I have a small stack of brand new cookbooks next to my corner in the living room (you know, big comfy chair, and all my ‘control’ devices close at hand). These were given to me at Christmas time by my L.A. daughter, who always seems to know what my interests of the moment are – I think Sandee leaks them! It’s probably time I began breaking into them to give me some new kitchen inspiration, and to feed my addiction for vicarious travel adventure. I’ve known for a long time that it’s far more fun to plan a travel adventure than it is to actually do it. And it’s a lot cheaper too.
So most of my travel these days is the vicarious kind – and I really love a good food-travel book. And Melissa has included a beauty among the Christmas books she gave – ‘Burma, Rivers of Flavor’, by Naomi Druguid. And what makes it even more exciting is that none of us know much about Burma – do we! For years, it’s been almost like Burma didn’t exist any longer – that it just went away. And what makes that even more meaningful is that even when Burma was wide open and accessible, I doubt there was a city with more mystery and intrigue than Rangoon – even its name would send chills of excitement through you – at least me. Yeah, I know the names Burma and Rangoon have been officially changed, but I’m betting the rest of the world continues to use them for a long time.
And I have never seen a Burmese restaurant anywhere, have you? So, the food of Burma is just as much a mystery as the country itself – it is with this level of excitement and anticipation that I bring you my discoveries. And the first will surprise you a bit, I’m sure – and require a little background.
Burma is a land of heat – some things grow well, and some, not at all. Potatoes are one of those in-between kind of plants – they don’t take a lot of cold, but they don’t like a lot of heat either. In Burma, there is a short period of time each year of two months or so when potatoes will grow well, and then the rains come to put an end to them. The Burmese enjoy their potatoes with a spicy edge, and a touch of bitterness too, which they traditionally get from hibiscus flowers – Druguid suggests a good alternative for those of us without access to exotic tropical flowers is a bitter green, like sorrel or even dandelion greens.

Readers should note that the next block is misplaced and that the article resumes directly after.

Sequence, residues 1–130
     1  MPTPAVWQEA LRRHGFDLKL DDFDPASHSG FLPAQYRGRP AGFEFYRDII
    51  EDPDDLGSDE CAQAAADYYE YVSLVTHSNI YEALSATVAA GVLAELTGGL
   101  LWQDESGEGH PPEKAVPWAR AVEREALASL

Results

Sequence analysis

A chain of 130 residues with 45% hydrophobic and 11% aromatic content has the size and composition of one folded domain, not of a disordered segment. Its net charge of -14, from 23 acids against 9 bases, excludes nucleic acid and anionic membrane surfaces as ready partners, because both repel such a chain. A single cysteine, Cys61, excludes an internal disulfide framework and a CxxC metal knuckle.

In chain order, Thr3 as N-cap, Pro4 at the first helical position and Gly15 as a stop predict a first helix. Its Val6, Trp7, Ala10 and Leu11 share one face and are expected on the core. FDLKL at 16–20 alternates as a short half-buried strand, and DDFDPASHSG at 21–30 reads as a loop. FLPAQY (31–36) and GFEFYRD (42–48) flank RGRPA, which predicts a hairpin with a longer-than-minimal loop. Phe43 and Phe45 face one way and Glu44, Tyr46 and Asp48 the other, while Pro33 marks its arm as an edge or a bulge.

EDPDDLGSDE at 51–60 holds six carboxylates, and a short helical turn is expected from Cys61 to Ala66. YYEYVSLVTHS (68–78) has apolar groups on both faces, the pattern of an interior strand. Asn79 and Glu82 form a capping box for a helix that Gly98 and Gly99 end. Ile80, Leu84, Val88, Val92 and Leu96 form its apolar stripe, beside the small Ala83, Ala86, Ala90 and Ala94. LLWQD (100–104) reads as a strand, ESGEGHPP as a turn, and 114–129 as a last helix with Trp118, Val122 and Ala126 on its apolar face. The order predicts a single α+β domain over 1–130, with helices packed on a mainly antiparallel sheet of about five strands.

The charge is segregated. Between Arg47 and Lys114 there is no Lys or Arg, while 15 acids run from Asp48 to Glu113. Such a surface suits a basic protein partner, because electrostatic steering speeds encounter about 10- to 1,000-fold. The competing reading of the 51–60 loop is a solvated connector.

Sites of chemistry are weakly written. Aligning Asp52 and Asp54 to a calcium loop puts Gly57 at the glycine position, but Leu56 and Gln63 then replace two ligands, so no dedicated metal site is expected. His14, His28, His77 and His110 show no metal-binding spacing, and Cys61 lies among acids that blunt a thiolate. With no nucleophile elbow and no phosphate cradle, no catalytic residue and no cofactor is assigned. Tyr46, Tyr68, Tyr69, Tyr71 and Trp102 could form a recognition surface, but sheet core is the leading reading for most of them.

Currently, in my part of the world, it is dandelion season. Some people hate dandelions – you can always tell who they are because their lawns are awash in dandelion flowers each April – those of us who would love to have a sea of dandelions in our lawn of course do not. Oh, I have plenty of non-grass kinds of things growing out there, but sadly, not a lot of dandelions.
When I went looking for dandelions, I first had to spend a good deal of time researching just what a dandelion looked like, because unfortunately there are many look-alikes out there – fortunately, none are toxic, but then, few are as good tasting either. I’m betting that you think you know exactly what a dandelion looks like; and I’d bet you really don’t know!
Here’s some help.
The identification problem arises from the fact that a dandelion grows from the top of taproot in a rosette form – in our minds, we associate this unique plant form with a dandelion, but actually there are maybe hundreds of other plants which grow the exact same way – and look very similar. But there’s an easy way to ID a dandelion from all other look-alikes, because a dandelion sends out leaves with sharp points on them (from whence its French name has evolved – Lion’s Tooth), and the ends of those points always point back toward the ground, at least the bottom set of teeth do. No other of the look-alikes do this! So, now you know.